Book Review: Emaline’s Gift


Emaline’s Gift by Brad Francis has good writing and an interesting plot. If not for the issues and believability in the story, I would have enjoyed reading it more.

Emaline has a gift similar to the Magi. Her power is discovered during a struggle between good and evil in the opening scenes of the novel. This interests both parties and thus begins a pursuit to persuade Emaline to join one or the other. The Magi are interested in her Salvation and power. The Obeah are interested in her power. A love interest between one Magi and Emaline is hinted. However, because of publishing issues after 60%, the story has paragraphs that don’t belong and half sentences. I was unable to finish it. The problem with Emaline’s Gift is also in the believability, delivery of the story, the preachiness, and the information dumping that breaks up the tension. In truth, if the publishing issues hadn’t been present, I would have struggled to finish it.

The opening scene is the point of view of a cat. The reader will wonder why the cat gets the honor of his own point of view, and because this is a fantasy novel, is the cat really a cat? But then, the cat is never mentioned again. This whole chapter should have been re-written from the point of view of someone involved in the plot of the story, not a cat. That lost me. When Emaline is saved from capture by the Magi, the long conversation within the inside of the old church breaks up the tension that was flowing nicely until then.

The reader is forced to read the long dialogues explaining the why, where, and how of the Magi and Obeah. This information should have been slowly released throughout to preserve the tension or write a prologue. Take for example,  Angel Eyes by Shannon Dittemore. Shannon Dittemore began her story with a prologue that explained how the angel hierarchy works without info dumping. She opens with a biblical story that she has taken artistic license with in order to make her angels believable.

The preachiness throughout Emalines’ Gift felt awkward as if the message wasn’t for Emaline, but the reader. While the author says, “Emaline’s Gift is a Christian urban fantasy novel for young adults. It’s full of action, adventure, supernatural battles and the timeless truth of Scripture. Fans of the Harry Potter and Percy Jackson series may find a lot to like here, but all the excitement is strengthened by an exploration of God’s will and the importance of building a strong relationship with Him (Goodreads),” preachiness should never overwhelm the plot. He claims the novel is for young adults. It reads much younger.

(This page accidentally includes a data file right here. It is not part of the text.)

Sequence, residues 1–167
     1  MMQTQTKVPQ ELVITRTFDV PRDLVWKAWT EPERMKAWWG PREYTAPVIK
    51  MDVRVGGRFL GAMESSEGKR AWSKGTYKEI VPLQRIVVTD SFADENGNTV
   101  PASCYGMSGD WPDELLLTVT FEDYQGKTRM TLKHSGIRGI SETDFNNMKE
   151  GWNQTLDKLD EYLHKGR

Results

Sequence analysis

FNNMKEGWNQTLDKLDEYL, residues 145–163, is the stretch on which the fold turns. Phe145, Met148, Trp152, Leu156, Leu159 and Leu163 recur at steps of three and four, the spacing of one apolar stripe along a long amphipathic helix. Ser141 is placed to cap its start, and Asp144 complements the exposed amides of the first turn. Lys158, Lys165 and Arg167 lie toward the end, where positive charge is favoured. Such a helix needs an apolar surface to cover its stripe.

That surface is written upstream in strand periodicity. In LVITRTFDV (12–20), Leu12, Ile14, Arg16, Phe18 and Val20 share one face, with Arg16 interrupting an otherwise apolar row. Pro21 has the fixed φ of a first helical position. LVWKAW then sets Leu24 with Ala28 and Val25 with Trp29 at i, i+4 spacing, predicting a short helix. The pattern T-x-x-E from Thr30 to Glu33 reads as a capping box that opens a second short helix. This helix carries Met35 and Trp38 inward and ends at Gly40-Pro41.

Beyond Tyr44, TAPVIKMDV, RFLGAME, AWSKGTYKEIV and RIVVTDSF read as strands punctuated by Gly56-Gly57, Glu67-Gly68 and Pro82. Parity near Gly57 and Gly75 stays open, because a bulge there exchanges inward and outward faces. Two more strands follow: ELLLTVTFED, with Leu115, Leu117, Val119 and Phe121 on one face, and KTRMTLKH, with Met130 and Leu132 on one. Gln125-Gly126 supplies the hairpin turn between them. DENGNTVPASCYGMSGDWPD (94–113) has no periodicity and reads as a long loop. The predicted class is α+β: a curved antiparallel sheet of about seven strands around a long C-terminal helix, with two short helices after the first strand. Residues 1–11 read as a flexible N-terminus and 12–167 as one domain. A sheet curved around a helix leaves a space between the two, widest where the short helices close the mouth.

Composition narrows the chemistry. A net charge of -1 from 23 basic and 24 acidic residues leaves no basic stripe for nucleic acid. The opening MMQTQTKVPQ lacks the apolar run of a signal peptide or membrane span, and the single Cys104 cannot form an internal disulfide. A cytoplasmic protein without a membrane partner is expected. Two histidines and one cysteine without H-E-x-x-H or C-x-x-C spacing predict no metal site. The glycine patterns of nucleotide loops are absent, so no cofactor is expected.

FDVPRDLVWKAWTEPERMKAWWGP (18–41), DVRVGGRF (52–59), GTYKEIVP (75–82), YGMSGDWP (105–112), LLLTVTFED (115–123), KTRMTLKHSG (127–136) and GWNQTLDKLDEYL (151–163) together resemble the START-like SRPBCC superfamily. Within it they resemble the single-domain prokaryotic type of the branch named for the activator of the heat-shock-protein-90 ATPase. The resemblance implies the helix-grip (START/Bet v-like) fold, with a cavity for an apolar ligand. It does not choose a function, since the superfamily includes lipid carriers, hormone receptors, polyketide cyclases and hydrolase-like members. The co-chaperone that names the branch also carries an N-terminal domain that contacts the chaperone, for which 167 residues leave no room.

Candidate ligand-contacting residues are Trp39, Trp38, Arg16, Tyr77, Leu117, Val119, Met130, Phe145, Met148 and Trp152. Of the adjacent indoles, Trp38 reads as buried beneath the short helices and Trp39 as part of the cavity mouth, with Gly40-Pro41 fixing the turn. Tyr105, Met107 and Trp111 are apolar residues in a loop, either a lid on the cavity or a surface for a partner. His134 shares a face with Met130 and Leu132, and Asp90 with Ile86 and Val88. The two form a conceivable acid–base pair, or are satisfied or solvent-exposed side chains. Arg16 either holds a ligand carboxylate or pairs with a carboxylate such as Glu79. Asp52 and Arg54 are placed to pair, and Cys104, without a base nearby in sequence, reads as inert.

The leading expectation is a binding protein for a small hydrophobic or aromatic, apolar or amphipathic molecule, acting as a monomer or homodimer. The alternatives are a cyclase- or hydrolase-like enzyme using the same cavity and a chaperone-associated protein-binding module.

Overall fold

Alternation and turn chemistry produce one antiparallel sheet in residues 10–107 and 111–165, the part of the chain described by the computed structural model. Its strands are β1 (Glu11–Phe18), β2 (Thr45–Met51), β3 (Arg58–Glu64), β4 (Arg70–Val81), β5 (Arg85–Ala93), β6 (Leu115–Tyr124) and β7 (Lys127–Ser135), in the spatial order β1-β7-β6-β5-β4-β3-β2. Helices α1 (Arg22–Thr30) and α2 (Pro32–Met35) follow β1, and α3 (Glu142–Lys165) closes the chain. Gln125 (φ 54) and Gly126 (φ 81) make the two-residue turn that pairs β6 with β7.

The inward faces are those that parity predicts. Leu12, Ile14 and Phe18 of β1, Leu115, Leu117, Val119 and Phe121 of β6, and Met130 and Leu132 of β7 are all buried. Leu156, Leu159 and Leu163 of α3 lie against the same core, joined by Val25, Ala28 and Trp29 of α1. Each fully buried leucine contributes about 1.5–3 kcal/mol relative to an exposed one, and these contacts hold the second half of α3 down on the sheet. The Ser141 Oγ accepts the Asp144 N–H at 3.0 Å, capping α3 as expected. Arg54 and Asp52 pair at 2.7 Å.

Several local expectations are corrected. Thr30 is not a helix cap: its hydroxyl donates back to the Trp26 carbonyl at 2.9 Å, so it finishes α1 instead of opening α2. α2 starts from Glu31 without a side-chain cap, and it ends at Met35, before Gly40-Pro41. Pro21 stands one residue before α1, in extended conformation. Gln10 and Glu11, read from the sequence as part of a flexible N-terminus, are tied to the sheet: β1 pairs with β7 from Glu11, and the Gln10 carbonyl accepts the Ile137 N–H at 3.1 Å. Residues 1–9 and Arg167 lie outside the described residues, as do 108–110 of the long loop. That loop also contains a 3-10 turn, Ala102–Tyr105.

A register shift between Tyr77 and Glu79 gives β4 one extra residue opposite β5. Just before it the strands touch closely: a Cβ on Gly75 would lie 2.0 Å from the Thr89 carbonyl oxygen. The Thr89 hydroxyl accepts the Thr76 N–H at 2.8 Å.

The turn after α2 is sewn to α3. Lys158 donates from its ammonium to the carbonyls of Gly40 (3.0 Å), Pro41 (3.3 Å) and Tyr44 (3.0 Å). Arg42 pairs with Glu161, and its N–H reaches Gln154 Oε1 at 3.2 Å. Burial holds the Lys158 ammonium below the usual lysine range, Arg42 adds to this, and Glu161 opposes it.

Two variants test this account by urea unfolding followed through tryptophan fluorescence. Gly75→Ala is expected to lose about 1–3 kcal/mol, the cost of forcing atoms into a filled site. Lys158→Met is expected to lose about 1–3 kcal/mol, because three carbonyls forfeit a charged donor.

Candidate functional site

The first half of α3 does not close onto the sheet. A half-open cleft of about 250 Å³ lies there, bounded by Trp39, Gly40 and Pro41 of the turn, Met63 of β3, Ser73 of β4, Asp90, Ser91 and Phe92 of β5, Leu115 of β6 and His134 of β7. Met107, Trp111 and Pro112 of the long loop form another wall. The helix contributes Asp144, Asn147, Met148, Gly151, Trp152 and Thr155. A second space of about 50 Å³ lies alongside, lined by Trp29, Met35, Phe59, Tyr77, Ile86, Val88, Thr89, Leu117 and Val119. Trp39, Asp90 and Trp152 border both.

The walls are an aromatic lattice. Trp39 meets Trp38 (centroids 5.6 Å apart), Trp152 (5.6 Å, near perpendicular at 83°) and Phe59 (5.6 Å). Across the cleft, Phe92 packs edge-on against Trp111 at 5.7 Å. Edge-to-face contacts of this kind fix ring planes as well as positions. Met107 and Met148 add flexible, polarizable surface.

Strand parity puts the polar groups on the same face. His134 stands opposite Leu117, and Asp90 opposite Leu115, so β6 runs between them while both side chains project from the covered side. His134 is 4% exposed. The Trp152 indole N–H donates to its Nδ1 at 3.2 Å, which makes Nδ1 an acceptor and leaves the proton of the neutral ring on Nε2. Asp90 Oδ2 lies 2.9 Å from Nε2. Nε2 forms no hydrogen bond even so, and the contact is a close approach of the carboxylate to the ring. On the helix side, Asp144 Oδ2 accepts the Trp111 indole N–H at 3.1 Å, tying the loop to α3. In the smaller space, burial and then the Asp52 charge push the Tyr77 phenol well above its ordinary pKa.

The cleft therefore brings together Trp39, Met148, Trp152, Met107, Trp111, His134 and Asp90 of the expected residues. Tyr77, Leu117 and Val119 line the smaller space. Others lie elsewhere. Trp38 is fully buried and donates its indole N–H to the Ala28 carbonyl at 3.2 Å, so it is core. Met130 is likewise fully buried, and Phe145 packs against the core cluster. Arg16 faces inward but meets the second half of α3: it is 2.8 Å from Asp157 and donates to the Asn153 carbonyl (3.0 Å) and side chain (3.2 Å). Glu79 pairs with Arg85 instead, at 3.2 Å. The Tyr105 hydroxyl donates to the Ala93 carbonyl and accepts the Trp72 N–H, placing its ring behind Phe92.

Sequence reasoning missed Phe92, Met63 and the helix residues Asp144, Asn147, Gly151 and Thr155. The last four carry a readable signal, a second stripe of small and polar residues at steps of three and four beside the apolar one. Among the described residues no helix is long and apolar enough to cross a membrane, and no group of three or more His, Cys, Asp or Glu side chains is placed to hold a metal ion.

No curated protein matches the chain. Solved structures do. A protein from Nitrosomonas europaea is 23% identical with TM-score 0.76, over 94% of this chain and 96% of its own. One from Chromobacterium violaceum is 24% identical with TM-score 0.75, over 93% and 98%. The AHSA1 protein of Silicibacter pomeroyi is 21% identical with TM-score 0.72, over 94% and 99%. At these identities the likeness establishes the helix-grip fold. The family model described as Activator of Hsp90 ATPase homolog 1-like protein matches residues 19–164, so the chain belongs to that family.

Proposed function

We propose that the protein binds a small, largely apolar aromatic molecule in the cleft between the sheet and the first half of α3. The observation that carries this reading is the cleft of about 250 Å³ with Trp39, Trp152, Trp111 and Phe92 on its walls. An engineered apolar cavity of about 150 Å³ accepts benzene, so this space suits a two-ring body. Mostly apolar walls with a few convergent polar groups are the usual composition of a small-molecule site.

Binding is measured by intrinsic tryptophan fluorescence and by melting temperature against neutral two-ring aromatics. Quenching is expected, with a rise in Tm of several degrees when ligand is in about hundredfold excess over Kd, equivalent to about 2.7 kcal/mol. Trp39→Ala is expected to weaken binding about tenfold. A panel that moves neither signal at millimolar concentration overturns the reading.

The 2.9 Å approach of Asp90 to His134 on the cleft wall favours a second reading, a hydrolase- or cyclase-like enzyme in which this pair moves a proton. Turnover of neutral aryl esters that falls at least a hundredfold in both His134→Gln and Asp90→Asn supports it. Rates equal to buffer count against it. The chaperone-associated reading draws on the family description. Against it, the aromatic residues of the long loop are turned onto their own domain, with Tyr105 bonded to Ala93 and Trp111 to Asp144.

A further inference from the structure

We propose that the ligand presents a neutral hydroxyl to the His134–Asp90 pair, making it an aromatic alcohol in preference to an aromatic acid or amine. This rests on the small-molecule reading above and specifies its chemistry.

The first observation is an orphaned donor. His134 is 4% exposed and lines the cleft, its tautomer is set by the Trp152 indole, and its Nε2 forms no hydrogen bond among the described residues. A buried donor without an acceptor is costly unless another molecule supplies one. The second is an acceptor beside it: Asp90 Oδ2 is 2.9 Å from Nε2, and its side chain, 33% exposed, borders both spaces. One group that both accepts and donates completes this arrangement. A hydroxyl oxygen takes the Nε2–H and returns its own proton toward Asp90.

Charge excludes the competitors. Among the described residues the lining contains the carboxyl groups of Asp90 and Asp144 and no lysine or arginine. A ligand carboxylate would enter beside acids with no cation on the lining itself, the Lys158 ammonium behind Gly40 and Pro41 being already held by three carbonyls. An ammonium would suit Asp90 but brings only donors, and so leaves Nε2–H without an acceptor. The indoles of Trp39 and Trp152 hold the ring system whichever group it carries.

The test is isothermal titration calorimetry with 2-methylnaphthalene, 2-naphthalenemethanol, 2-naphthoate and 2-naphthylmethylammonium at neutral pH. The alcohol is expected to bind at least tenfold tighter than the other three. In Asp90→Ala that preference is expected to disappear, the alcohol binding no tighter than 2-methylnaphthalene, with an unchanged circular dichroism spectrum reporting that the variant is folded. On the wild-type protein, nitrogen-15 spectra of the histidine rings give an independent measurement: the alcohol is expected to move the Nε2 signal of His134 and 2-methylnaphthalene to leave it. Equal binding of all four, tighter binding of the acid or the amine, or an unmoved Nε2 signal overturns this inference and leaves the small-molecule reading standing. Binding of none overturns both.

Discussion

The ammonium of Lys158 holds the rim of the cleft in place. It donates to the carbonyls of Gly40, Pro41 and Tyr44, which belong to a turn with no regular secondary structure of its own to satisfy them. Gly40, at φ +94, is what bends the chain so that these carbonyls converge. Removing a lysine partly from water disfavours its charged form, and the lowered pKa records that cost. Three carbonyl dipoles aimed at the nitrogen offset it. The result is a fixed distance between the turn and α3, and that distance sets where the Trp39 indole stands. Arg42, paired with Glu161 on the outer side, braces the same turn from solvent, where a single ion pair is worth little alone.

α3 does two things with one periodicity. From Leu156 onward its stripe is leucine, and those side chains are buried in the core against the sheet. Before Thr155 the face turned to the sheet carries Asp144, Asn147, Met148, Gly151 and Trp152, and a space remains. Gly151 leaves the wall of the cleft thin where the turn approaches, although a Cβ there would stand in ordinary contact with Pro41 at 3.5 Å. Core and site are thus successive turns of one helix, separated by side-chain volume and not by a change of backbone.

Chapter 10 was all quotes or dialogue with no beats or tags; no description. I wasn’t sure why that was placed there and it broke up the story. Also, the author tends to frequently switch from one point of view to an omniscient point of view in the same chapter as if now the narrator is speaking. In one place, it says, “At this point it might be natural for the reader to wonder whether Emaline could have made good her escape…” This followed Emaline’s attempt at escape. The reader is drawn into Emaline’s mind, then the above quoted sentence startles me. We’ve just switched from Emalines’ head to a narrator.

It’s hard to believe the plot when the Obeah are likened to evil and yet the Magi explain how the three who pursue Emaline can still be saved. If the Magi have powers likened to angels and the Obeah have powers likened to demons, then how can the three Obeah be saved?  Also, in an attempt to rescue Emaline and Anthony the flow of this magical peoples are broken when the powerful Obeah require security guards around the perimeter of their mansion. The attempt to save Emaline felt long, too.

In spite of the cat’s point of view in the beginning, I thought the writing was good, keeping me involved in the story until the message took precedence over the story. The writing went from show to lots of tell. Because there seems to be issues with the publishing after 60%, I could not finish it. Other reviewers didn’t mention this problem. I gave the story two stars.

*Book given by author to review.

Brad left this comment on Amazon. Please read. We discussed at length the issue with my file.

I just wanted to let everyone know, however, that this reviewer received a mobi file directly from me, not a download from Amazon, and I think that her copy was corrupted somewhere in the process (the problem is not present on my end, nor with others who received the exact same file). The commercially available Kindle book does not have the issue described and I would fix it as soon as possible if I became aware of any issues. I appreciate all my readers and strive to give you as good an experience as possible!

Now, as for whether the cat reappears in the story, one would have to read to the end to find that out. . . =)